day


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day

(Morning), noun broad daylight, daylight, daylight hours, daytime, full day, full sun, light of day, sunlight hours

day

(24 Hours), noun date, during a 24-hour cycle, peeiod from dawn to dark, solar day, time between sunrise and sunset, twenty-four hours
Associated concepts: calendar day, day certain, day fixed for trial, day in court, day of trial, day rule, day writ, grace day, judicial day, natural day, work day
See also: date

day

24 hours, from midnight to midnight. See TIME OF DAY.

DAY. A division of time. It is natural, and then it consists of twenty-four hours, or the space of time which elapses while the earth makes a complete revolution on its axis; or artificial, which contains the time, from the rising until the setting of the sun, and a short time before rising and after setting. Vide Night; and Co. Lit. 135, a.
     2. Days are sometimes calculated exclusively, as when an act required that an appeal should be made within twenty days after a decision. 3 Penna. 200; 3 B. & A. 581; 15 Serg. & Rawle, 43. In general, if a thing is to be done within such a time after such a fact, the day of the fact shall be taken inclusively. Hob. 139; Doug. 463; 3 T. R. 623; Com. Dig. Temps, A; 3 East, 407.
     3. The law, generally, rejects fractions of days, but in some cases it takes notice of such parts. 2 B. & A. 586. Vide Date.
     4. By the custom of some places, the word day's is understood to be working days, and not including Sundays. 3 Espin. N. P. C. 121. Vide, generally, 2 Chit. Bl. 141, note 3; 1 Chit. Pr. 774, 775; 3 Chit. Pr. 110; Lill. Reg. h. t; 1 Rop. Leg. 518; 15 Vin. Ab. 554; Dig. 33, 1, 2; Dig. 50, 16, 2, 1; Id. 2, 12, 8; and articles Hour; Month; Year.

References in classic literature ?
Thus, through an uninterrupted scene of sylvan pleasures, I spent the time until the 27th day of July following, when my brother, to my great felicity, met me, according to appointment, at our old camp.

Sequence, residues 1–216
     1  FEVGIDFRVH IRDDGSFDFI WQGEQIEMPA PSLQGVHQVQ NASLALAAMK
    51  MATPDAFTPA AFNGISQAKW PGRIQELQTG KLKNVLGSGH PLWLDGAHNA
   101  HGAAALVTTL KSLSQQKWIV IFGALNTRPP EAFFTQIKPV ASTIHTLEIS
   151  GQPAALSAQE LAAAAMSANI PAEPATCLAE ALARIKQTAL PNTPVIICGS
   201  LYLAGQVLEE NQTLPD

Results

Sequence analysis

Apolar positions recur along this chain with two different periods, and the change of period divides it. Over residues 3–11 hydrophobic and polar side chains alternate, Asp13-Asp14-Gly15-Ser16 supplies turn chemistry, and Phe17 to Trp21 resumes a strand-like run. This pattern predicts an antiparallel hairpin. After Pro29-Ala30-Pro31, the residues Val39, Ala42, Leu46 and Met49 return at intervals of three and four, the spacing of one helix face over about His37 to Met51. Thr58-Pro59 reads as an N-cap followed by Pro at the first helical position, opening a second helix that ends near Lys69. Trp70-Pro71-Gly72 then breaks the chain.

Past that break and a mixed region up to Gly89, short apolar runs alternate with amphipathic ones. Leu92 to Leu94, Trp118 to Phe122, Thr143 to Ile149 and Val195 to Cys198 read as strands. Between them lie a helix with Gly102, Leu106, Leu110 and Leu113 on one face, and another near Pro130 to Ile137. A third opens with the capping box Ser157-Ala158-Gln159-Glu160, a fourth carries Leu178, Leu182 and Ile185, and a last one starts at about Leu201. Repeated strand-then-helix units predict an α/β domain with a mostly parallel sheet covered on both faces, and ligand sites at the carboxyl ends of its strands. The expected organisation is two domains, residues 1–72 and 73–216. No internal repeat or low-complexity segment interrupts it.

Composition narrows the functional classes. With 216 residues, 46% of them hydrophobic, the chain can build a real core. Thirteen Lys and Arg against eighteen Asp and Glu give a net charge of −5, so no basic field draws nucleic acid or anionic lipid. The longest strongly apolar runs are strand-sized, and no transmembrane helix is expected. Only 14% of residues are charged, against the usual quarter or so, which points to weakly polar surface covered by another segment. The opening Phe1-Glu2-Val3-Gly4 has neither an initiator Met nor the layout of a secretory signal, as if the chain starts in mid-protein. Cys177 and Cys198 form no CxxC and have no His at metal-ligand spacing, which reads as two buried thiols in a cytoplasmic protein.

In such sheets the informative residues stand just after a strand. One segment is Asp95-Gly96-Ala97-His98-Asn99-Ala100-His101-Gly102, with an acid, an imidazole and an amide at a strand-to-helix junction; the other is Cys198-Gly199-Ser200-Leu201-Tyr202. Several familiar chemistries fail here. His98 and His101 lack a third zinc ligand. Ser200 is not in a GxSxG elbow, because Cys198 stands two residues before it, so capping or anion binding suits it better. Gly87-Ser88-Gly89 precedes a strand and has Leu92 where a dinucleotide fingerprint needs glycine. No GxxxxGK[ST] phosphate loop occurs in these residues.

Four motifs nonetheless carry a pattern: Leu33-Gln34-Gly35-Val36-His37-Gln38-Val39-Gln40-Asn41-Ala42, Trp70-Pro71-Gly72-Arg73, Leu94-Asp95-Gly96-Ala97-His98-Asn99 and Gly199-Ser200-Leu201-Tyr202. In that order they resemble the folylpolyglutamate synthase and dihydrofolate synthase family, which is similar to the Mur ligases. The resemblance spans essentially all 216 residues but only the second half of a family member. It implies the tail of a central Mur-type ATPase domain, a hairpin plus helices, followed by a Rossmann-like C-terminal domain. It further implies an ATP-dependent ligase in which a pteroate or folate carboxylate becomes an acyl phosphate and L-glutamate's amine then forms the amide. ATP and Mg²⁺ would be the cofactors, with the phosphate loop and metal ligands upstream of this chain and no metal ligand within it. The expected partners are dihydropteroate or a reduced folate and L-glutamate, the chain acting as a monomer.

As soon as Sir Sagramor got well, he notified me that there was a little account to settle between us, and he named a day three or four years in the future; place of settlement, the lists where the offense had been given.
Which means that Count Bismarck, son of the great statesman, was a prisoner two days in 1874.
Lecount first resolved to devote the next few days to watching the habits of the inmates of North Shingles, from early in the morning to late at night, and to testing the capacity of the one servant in the house to resist the temptation of a bribe.
Next day he was looking out for her, and accosted her the moment she appeared.
If she will not tell you what she has been doing the past two days.
For two days no food was brought me, but then a new messenger appeared and my incarceration went on as before, but not again did I allow my reason to be submerged by the horror of my position.
Phileas Fogg had, without suspecting it, gained one day on his journey, and this merely because he had travelled constantly eastward; he would, on the contrary, have lost a day had he gone in the opposite direction, that is, westward.
On the thirteenth day I drank some more water, and dozed and thought disjointedly of eating and of vague im- possible plans of escape.
We have, first, the fact that the seventh day was 'sanctified', when God rested from the work of Creation.
It is rather he who may not be on good terms with me; however, since it must be done some day or another "
The next day they continued thirty-two miles to the northwest, keeping along the river, which still ran in its deep-cut channel.